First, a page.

In June, 1997, Charles S. Olton became the League's president and chief executive officer, the seventh in the League's history. Under Olton's leadership the League embarked on major new initiatives in leadership development, public advocacy, and artistic development, and board development.
The Orchestra Leadership Academy, the League's most comprehensive and far-reaching leadership development program, was launched in 1999, as was Music for a New Millennium, an initiative designed to assist orchestras in programming new American music through an informative web site, performances and sessions at the League's National Conference, and a composer residency program.
The year 2000 brought the Audience Motivation Research Project and new online services for League orchestra, business, and individual members. Music Alive was introduced, in partnership with Meet The Composer, offering short-term composer residencies to American orchestras. In 2002, the League built on the success of the Audience Motivation Research Project by introducing a Public Advocacy initiative that envisions a new consumer magazine, enhanced press relations, and a series of televised public service initiatives. The League issued its first annual MetLife Awards for Excellence in Community Engagement, and a new board development initiative was undertaken.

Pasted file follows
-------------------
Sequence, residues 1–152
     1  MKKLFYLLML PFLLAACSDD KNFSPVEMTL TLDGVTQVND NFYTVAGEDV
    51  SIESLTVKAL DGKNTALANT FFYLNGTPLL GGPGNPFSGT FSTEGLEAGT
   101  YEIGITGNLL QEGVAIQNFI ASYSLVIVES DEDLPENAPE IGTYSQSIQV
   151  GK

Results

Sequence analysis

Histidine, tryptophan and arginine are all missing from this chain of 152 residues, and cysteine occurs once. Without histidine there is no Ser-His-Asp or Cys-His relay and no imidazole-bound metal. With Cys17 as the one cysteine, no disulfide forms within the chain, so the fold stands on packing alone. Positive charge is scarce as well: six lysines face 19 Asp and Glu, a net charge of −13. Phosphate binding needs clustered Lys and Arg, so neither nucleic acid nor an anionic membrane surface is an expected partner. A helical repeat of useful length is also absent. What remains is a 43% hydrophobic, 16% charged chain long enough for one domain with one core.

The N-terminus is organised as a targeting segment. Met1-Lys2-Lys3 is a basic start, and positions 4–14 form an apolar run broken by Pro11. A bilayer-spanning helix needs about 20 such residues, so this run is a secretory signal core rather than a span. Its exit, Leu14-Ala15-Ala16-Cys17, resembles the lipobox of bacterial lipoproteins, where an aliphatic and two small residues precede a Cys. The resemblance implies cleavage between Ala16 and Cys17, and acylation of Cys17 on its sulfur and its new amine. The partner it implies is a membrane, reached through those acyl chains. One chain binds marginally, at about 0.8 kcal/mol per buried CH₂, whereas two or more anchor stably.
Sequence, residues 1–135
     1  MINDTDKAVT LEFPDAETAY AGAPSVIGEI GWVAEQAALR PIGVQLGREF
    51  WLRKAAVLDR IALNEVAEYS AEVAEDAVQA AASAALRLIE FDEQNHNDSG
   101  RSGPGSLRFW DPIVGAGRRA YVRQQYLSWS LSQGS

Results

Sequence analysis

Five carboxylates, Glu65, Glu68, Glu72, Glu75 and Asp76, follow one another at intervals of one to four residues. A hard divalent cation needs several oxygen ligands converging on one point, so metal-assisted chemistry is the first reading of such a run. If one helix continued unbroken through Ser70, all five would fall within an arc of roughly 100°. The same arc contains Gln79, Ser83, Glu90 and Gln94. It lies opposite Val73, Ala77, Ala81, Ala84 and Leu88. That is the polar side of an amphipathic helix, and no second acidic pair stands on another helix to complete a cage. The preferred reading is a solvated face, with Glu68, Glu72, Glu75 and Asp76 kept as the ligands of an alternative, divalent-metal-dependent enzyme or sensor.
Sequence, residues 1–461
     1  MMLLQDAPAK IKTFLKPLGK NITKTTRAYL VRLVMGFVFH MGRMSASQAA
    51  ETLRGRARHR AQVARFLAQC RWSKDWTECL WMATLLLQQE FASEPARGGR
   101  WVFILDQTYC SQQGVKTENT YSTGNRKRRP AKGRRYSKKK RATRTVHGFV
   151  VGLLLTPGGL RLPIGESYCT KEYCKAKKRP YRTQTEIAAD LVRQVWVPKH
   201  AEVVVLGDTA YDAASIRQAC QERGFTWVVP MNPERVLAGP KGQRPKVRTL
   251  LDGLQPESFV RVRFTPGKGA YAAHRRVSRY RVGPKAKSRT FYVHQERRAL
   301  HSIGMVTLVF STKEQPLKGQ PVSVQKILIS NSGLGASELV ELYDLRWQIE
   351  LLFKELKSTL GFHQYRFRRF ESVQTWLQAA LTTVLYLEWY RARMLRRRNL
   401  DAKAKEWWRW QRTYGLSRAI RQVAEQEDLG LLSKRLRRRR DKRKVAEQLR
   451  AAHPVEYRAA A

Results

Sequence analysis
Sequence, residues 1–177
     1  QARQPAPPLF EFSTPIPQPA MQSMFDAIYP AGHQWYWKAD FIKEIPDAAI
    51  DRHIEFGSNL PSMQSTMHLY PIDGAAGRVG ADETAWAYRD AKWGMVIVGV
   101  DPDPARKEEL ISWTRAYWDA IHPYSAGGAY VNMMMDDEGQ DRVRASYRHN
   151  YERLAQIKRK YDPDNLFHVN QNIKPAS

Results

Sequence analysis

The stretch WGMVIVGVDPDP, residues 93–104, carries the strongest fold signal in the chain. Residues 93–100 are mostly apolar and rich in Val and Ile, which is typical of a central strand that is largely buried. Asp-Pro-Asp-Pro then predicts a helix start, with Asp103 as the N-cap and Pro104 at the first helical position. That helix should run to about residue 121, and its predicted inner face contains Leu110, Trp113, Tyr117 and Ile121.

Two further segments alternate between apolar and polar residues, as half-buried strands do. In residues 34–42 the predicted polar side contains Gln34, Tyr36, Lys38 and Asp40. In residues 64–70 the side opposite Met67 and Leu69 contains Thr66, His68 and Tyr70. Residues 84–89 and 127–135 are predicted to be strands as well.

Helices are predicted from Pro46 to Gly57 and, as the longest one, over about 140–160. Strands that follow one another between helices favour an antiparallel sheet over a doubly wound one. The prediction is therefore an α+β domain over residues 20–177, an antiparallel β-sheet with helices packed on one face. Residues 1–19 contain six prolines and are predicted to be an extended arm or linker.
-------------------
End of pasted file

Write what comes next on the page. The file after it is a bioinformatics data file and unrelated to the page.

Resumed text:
In July, 2003, Henry Fogel became the League's president and CEO, after eighteen years at the head of the Chicago Symphony Orchestra Association and a term as the League's board chairman. As Fogel's tenure began, the League launched several new initiatives: the American Conducting Fellows Program, placing aspiring conductors in residence at orchestras; Ford Made in America, a consortium commissioning project benefiting small-budget orchestras; an extension of the existing Music Alive composer residency program, providing for multi-season composer residencies at orchestras; and the Bank of America Awards for Excellence in Orchestra Education. Also in 2003, the League established its first endowment, dedicated to funding the existing, highly respected Orchestra Management Fellowship Program.